By Mambokadzi Linda wekwaMasarira
8 March 2022
International Women’s Day is a day set aside every year on the 8th of March to celebrate women’s achievements in all spheres of life. This year’s theme is a clarion call to all women to ensure that they play a participatory role in advocating for gender equality and ensuring the protection of women’s rights. There is nothing for women without women and every woman’s hands should be on the deck to ensure that all women worldwide are treated as equals.
International Women’s Day is a global day celebrating the social, economic, cultural and political achievements of women. The day also marks a call to action for accelerating gender parity.
On the 8th of March women all over the world celebrate the International Women’s Day. IWD has been celebrated for over a century now yet many people think of it purely as a feminist cause. Its roots, however, are found in the labour movement, wherein it was first organised in 1911 by the early 20th century Marxist from Germany Clara Zetkin.
Zetkin was born in 1857 in Wiederau, where she trained as a teacher and was associated with the Social Democratic Party (SPD) one of the two major political parties in Germany. She participated in both in the labour movement and women’s movement.
It is said that in the 1880s, anti-socialist laws were enforced by German leader Otto von Bismarck and Zetkin went into a ‘self-imposed exile’ in Switzerland and France. She wrote and distributed literature that was forbidden back then, and also met with leading socialists. Zetkin also played a significant role in the formation of the Socialist International.
When she returned to Germany, she became the editor of Die Gleichheit (‘Equality’) SPD’s newspaper for women from 1892 to 1917. In the SPD, Zetkin was closely associated with the far-left thinker and revolutionary Rosa Luxemburg. In 1910 — three years after she became a co-founder of the International Socialist Women’s Congress — Zetkin proposed at a conference that Women’s Day be celebrated in every country on February 28.
A conference comprising 100 women from 17 countries with unions, socialist parties, working women’s clubs and female legislators unanimously approving the suggestion, and Women’s Day was observed for the first time in the year 1911.
In 1913, the date was changed to March 8, and it continues to be celebrated every year.
As we celebrate IWD this year under the campaign theme #BreakTheBias, we need to be sincere as Zimbabwean women to unite for a cause. What is our cause?
Out cause is to achieve a gender equal world. A world free of bias, stereotypes and discrimination. A world that’s diverse, equitable, and inclusive. A world where difference is valued and celebrated. Together we can forge women’s equality. Collectively we can all #BreakTheBias.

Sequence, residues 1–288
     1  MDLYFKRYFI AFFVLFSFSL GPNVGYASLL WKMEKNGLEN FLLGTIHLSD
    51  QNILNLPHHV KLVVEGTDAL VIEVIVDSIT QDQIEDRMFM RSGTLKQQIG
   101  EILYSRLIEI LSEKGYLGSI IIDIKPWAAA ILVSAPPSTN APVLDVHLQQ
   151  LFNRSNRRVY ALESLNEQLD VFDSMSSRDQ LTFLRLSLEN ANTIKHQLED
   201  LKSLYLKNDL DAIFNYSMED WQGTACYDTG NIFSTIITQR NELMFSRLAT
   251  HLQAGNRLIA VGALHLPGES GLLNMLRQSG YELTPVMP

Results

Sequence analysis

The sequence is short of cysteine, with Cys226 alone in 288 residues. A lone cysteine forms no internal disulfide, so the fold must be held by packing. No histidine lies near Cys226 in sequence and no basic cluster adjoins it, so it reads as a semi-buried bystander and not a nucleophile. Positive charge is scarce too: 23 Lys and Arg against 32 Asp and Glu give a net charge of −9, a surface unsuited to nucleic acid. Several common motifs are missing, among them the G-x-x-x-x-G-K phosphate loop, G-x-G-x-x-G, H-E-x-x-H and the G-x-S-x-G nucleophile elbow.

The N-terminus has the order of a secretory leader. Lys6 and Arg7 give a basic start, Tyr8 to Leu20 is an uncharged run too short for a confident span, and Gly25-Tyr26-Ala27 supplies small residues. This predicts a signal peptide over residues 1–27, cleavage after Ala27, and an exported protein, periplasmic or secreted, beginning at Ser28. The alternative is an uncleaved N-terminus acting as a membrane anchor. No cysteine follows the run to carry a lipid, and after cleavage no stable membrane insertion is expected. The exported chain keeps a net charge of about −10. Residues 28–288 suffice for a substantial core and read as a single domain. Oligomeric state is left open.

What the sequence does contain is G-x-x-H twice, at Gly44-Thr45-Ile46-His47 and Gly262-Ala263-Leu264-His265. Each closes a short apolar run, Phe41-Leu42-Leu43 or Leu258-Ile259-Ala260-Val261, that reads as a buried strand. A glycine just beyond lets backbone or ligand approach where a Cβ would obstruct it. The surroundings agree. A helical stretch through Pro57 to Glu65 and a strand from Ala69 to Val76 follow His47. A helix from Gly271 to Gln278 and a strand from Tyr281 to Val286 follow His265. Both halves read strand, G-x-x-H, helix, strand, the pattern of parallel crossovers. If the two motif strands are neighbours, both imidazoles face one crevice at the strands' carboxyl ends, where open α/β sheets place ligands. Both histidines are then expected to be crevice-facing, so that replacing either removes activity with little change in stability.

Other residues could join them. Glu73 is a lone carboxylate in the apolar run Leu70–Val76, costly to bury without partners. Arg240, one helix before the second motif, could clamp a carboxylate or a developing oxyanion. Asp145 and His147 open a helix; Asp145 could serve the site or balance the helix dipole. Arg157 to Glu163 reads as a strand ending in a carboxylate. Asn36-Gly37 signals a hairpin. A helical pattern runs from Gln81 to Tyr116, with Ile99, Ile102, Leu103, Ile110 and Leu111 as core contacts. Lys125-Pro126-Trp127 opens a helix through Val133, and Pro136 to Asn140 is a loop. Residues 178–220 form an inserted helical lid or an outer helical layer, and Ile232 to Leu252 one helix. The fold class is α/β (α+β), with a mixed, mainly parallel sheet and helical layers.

It is sad that women in Zimbabwe have become the patriarchal gatekeepers and catalysts of bias towards fellow women.
In Zimbabwe women continue to be marginalized by structural deformities in our cultural, social, religious and political stereotypes. Women are still viewed as second class citizens which has stifled full realization of women’s rights on our country. Contrary to the assertion that we are making improvements in terms of gender equality in public elected offices, 2018 general elections showed a steep decline of women elected into public office compared to 2013 elections. The decline in women participation in electoral processes continue to decline as only 15% of the duly nominated candidates for the 26 March By elections are women.
We are still struggling to attain gender diversity at the workplace and we need to push for gender equality to become a reality. Gender diversity produces real benefits. Several studies have shown that a gender-diverse workplace is good for financial returns, employee engagement, innovation and reducing turn over. We can only achieve gender parity when women start taking an active role in pushing for constitutionalism and protection of all gender related statutes.
Women in Zimbabwe continue to suffer from historical marginalization and structural inequalities that exist in the political, social and economic spheres. Historically, the colonizers made sure that women stayed in the rural areas whilst the men were in towns or mines working and that strengthened the patriarchal system and gender inequalities prescribed by cultural, religious and traditional norms.
The structural deformities in our society have subjected women to societal discrimination whenever they want to participate in politics or challenge anyone masculine in particular in the political arena. In our culture, a proper Zimbabwean woman is expected to be married, submissive, dependant, enduring and hard working. The moment a woman becomes aggressive, independent, ambitious, financially independent and empowered, a lot of tags are attached on her. Most women who have tried to venture into politics have suffered from negative stereotyping, name calling and had their images tarnished by men in politics who feel intimidated by powerful women. The first question any woman seeking to run for public office in Zimbabwe faces is, “Is she married?” As if marriage is a qualification for leadership.